Water absorbs body heat 25 times faster than air, so unless you’re frolicking in a hot tub that’s set above 98.6 degrees (body temperature), you’re going to get cold.
The best way to extend your time in the water before you get chilled (and it will happen, regardless) is to use a quality, well-fitted wetsuit.
Fortunately, wetsuit design and neoprene—the material from which they’re usually made—has come a long way in the last 10 years.
There are ultra-thin “tropical” suits (yes, you will still get cold in tropical water), heavy two-piece suits, and an array of suits in every thickness in between. Best of all, there are now suits specifically designed for women and children. These are perhaps the most significant steps forward in wetsuit design because a suit’s performance is based on its ability to prevent water from washing through. The fewer gaps and voids, and the more snug the fit, the better the suit will perform.
- Neoprene wetsuits keep us warm by initially allowing water in (yes, there is supposed to be water inside the suit, otherwise it would be called a drysuit), and trapping it there in a thin layer between skin and suit. Your body warms the collected water, which then acts as an insulator, along with the neoprene itself, to prevent the cold water from conducting heat away from your body. As the warmed water escapes — and some always will — it is replaced by cold water, which your body must then again bring up to temperature. An ill-fitting suit accentuates this cycle, causing you to chill faster.
- Shorties have short sleeves and pant legs, and are designed for warm water. Wakeboarders and kneeboarders often prefer them because they don’t restrict movement and they are easy to get on and off between runs.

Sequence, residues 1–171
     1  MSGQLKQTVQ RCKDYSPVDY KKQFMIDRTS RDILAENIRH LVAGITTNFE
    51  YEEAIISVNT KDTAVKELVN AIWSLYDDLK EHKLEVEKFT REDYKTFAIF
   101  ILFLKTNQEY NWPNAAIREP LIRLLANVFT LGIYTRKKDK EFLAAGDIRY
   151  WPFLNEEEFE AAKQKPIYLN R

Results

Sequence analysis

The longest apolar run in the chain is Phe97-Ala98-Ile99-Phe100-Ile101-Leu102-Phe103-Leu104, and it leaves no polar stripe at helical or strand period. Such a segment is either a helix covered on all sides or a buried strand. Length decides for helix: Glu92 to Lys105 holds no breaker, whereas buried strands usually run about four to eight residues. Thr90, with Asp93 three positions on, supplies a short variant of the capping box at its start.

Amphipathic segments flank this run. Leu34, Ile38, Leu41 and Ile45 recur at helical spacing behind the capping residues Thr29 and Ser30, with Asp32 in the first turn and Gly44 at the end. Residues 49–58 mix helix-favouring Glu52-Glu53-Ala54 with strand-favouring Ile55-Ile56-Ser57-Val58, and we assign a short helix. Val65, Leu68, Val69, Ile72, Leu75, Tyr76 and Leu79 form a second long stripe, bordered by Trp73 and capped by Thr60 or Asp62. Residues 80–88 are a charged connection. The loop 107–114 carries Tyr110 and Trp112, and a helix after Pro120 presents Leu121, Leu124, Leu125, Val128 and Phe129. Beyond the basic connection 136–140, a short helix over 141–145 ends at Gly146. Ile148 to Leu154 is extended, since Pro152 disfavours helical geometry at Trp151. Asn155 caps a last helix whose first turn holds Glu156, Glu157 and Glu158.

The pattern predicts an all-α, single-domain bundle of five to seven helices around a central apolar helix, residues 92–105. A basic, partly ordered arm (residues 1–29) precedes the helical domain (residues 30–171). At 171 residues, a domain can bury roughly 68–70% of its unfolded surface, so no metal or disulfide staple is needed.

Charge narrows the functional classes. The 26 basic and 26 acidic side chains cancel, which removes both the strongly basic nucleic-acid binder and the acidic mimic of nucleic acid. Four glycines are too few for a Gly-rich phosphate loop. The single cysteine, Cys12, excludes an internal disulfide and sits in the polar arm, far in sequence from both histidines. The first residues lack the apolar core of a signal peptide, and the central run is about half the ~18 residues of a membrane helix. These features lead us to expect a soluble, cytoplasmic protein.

- Full-length suits cover you from wrist to ankle, but they are available in many thicknesses, down to and including 0.5 millimeter! Some manufacturers have added a slip-coat inside their suits, making them easier to don and dof.
- “Surfer” suits typically zipper up the back so the user is not laying on it while paddling belly down on the board. This style is also preferred by many tube riders. Many “diver’s suits have the zipper in the front so that the air tank is not pressing the zipper against the diver’s spine.
A good buying strategy is to think in layers, based on where you boat most. Buy a full suit that is appropriate for the average water temperature, then add a vest and shortie to your wardrobe. These can be layered over the suit in colder weather or worn in place of the full suit, separately or together, when it’s hot.
Also, remember your head, hands and feet. Adding a beanie or hood (even in "warmer" conditions) will significantly improve your comfort. Appropriate boots and gloves are also important, for both warmth and protection. When combined together hoods, boots and gloves account for about 30 – 40 percent of your thermal protection.